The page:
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Dugsi Dayz

Words: Aria Tsvetanova

Four 16-year-old Somali girls end up in detention and the teacher who is meant to be presiding over them is nowhere to be found. Stuck in a mosque for the next hour, the girls retell Somali scary stories for a new generation, gossip and eventually, share how they wound up in detention in the first place.

The show is an absolute joy to watch from beginning to end. Youthful without being obnoxious, funny without resorting to boomer humour of the ‘kids on their phones these days’ flavour. A compassionate portrait of what it is like being a teen in 2023, every joke comes not from a place of scorn, but from a deep understanding of the struggles of growing up. Dare I say…The Breakfast Club if it were funny.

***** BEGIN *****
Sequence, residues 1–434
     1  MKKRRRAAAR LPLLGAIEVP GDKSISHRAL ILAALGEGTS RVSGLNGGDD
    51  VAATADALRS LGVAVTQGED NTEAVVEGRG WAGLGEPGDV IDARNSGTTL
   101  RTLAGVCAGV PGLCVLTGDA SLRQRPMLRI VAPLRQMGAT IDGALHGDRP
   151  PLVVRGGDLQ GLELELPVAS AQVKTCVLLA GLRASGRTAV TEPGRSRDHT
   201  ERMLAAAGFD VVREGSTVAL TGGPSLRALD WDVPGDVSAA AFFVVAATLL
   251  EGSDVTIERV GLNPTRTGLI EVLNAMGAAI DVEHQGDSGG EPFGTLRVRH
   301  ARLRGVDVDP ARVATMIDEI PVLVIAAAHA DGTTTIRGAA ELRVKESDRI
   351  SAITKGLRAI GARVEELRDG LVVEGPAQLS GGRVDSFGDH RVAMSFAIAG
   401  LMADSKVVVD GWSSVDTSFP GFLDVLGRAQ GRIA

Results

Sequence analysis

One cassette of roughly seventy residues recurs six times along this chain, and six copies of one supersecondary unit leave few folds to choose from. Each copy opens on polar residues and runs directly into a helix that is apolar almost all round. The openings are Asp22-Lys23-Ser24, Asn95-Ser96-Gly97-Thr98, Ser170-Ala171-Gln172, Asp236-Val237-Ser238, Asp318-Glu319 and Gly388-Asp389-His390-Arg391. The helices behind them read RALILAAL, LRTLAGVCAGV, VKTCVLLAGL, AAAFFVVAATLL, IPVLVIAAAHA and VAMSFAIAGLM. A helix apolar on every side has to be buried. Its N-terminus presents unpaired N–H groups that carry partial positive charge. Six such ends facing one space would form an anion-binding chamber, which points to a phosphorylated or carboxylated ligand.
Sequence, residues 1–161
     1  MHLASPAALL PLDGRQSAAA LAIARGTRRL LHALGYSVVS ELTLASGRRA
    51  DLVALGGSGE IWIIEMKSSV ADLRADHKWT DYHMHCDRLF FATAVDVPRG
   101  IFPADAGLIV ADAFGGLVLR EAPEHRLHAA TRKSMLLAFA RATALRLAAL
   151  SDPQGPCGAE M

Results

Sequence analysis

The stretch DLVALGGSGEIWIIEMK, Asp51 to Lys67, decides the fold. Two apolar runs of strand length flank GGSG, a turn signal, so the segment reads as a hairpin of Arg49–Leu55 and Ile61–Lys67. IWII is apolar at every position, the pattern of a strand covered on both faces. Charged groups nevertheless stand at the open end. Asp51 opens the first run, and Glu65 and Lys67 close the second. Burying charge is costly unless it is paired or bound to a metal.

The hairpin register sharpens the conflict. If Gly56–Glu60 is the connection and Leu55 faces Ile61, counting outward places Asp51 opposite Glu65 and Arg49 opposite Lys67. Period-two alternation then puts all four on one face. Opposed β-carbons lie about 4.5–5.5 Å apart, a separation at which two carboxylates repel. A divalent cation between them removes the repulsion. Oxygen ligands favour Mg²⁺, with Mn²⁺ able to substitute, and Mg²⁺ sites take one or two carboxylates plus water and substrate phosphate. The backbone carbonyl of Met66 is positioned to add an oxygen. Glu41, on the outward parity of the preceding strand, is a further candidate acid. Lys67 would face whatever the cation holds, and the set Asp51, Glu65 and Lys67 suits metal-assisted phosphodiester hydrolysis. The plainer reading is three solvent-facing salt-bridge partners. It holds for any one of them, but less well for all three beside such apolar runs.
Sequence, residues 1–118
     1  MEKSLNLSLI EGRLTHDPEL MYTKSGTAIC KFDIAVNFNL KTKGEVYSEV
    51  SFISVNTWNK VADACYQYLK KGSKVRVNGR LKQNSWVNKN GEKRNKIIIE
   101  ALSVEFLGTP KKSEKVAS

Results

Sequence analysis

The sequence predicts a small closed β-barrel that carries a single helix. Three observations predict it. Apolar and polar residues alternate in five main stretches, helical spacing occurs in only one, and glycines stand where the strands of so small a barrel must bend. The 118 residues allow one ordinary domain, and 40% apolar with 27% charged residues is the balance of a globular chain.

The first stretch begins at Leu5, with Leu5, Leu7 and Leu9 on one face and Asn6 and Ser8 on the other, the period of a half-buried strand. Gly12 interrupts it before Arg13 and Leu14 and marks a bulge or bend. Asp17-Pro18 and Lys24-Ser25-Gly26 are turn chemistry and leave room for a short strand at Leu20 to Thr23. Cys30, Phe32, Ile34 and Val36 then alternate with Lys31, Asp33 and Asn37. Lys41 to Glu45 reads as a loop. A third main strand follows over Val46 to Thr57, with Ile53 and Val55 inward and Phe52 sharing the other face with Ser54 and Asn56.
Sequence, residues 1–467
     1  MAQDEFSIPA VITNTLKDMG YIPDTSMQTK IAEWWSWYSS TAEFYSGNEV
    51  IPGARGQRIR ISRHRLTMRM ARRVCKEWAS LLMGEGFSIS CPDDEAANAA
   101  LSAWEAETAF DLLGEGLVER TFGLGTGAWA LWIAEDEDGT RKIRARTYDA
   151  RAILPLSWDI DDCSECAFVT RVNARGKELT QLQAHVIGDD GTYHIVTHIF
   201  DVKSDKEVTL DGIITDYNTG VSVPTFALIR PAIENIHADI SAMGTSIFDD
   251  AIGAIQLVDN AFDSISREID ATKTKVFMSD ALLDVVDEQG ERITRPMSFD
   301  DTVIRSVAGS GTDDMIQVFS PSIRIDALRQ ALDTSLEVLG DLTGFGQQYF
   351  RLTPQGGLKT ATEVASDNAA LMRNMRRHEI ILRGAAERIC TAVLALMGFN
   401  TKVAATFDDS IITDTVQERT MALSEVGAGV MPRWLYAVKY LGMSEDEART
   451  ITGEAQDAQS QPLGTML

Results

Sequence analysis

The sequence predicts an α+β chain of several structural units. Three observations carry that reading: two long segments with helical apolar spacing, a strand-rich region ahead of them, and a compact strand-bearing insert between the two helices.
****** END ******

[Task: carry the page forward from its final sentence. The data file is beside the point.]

Each character is distinct and complex, going beyond the stereotypes of ‘the jock’, ‘the outcast’ or ‘the geek’. The props and costumes department should also be commended. Little details, like how each girl wears their hijab and what bags they carry, convey so much character. From Munira’s limited edition Jordans to the stickers on Hani’s notebook, we are aware of who these girls are from the moment they step on stage. The actresses also sustain the illusion of being teens successfully through small gestures and impeccable inflection.

Dyslexia, overbearing parents, school gossip, vampiric aunties: all that a 14 year old Somali girl in the UK has to reckon with. Dugsi Dayz is a tongue in cheek coming-of-age narrative distilled and to the point. A must see!

Dugsi Dayz
Underbelly Cowgate, Belly Button
10-13, 15-20, 22-27 Aug


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